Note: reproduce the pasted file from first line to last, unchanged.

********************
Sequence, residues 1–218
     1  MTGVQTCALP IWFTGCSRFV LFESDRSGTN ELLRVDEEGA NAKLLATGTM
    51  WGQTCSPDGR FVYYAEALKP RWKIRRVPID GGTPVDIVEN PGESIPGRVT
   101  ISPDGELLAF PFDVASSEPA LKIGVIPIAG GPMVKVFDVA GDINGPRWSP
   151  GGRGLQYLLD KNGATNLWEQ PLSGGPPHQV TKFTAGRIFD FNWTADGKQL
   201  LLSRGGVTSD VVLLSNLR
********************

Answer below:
Sequence, residues 1–218
     1  MTGVQTCALP IWFTGCSRFV LFESDRSGTN ELLRVDEEGA NAKLLATGTM
    51  WGQTCSPDGR FVYYAEALKP RWKIRRVPID GGTPVDIVEN PGESIPGRVT
   101  ISPDGELLAF PFDVASSEPA LKIGVIPIAG GPMVKVFDVA GDINGPRWSP
   151  GGRGLQYLLD KNGATNLWEQ PLSGGPPHQV TKFTAGRIFD FNWTADGKQL
   201  LLSRGGVTSD VVLLSNLR